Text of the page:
Medication errors detected in non-traditional databases: Types of errors in methotrexate dosing as listed in four different Danish registers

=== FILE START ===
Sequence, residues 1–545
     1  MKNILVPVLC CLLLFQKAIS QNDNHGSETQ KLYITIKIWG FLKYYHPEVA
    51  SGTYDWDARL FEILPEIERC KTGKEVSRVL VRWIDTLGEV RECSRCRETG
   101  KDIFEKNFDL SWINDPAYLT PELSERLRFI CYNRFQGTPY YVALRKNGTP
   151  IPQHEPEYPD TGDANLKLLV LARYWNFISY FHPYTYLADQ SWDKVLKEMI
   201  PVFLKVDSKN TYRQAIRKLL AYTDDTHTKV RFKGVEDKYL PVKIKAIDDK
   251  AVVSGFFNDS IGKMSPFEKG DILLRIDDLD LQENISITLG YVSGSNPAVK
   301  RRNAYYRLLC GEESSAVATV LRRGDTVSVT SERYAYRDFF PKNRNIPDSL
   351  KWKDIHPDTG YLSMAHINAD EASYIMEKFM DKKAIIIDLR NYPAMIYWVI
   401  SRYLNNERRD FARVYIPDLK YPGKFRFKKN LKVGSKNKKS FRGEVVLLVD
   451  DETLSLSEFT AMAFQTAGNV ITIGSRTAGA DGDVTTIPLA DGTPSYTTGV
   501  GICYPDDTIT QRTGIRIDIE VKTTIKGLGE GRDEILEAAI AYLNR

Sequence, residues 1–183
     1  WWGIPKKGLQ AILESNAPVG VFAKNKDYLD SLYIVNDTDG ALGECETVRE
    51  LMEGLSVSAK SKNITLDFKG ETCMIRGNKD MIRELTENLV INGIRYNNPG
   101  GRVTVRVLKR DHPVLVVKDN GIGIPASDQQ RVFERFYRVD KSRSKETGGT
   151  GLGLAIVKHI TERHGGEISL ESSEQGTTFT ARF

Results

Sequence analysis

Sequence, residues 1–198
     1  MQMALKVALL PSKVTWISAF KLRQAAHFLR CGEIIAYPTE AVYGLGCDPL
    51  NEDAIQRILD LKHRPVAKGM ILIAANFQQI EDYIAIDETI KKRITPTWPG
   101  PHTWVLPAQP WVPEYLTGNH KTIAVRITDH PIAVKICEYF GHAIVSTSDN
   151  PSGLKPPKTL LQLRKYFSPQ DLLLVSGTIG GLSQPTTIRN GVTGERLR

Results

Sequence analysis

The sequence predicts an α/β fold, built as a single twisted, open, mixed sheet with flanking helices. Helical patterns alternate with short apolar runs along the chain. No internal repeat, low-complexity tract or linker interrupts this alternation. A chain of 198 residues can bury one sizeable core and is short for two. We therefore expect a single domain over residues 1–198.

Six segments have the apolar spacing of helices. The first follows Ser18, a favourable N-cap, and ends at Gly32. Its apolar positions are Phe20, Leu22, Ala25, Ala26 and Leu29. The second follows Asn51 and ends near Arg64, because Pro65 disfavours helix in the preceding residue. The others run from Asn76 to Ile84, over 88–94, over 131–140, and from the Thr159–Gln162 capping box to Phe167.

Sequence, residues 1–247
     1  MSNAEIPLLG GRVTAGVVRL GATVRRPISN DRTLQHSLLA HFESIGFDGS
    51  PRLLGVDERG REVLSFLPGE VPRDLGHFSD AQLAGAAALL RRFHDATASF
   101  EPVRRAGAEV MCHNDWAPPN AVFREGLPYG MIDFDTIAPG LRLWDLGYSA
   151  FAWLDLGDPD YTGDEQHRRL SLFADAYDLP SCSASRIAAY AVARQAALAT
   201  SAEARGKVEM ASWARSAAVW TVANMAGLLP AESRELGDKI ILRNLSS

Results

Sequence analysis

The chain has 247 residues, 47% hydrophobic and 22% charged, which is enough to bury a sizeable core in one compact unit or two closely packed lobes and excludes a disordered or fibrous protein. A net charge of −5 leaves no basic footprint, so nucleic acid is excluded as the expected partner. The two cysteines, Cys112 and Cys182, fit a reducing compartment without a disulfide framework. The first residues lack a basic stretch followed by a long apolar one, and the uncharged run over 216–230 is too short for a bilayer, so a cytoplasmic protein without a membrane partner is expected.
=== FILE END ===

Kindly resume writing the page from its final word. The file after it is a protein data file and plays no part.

© 2015 Springer-Verlag Berlin Heidelberg. Aims: We have looked for medication errors involving the use of low-dose methotrexate, by extracting information from Danish sources other than traditional pharmacovigilance databases. We used the data to establish the relative frequencies of different types of errors. Methods: We searched four databases for cases involving low-dose methotrexate between 1999 and 2011: the Danish Patient Safety Databases (DPSD), controlled by the Danish National Agency for Patients' Rights and Complaints, the Patient Compensation Association (PCA), the Danish Poison and Information Centre (DPIC), and the online database of the Department for Patient Complaints (DPC). We categorized the place where the error occurred, the processes and types of error involved, the person responsible, and the clinical outcome. Results: We identified 173 errors. In 109 (63 %), either harm resulted or could not be excluded; of these, 26 (15 %) resulted in serious harm, including nine deaths (5 %); 53 (31 %) involved incorrect daily administration; and 107 (62 %) involved a dosing error. Sixteen events (9.2 %) concerned insufficient or faulty monitoring, with four serious outcomes and two deaths. Prescription errors involving daily rather than weekly administration, by hospital physicians, were most likely to result in serious outcomes, including deaths. The error mechanism was evaluated in 129 events. Action-based errors comprised 50 % and knowledge-based errors 34 %. Action-based errors were more likely to result in completed errors, whereas knowledge-based errors more often resulted in near misses. Conclusions: The medication errors in this survey were most often action-based (50 %) and knowledge-based (34 %), suggesting that greater attention should be paid to education and surveillance of medical personnel who prescribe and monitor methotrexate, particularly physicians, who accounted for 40 % of the errors.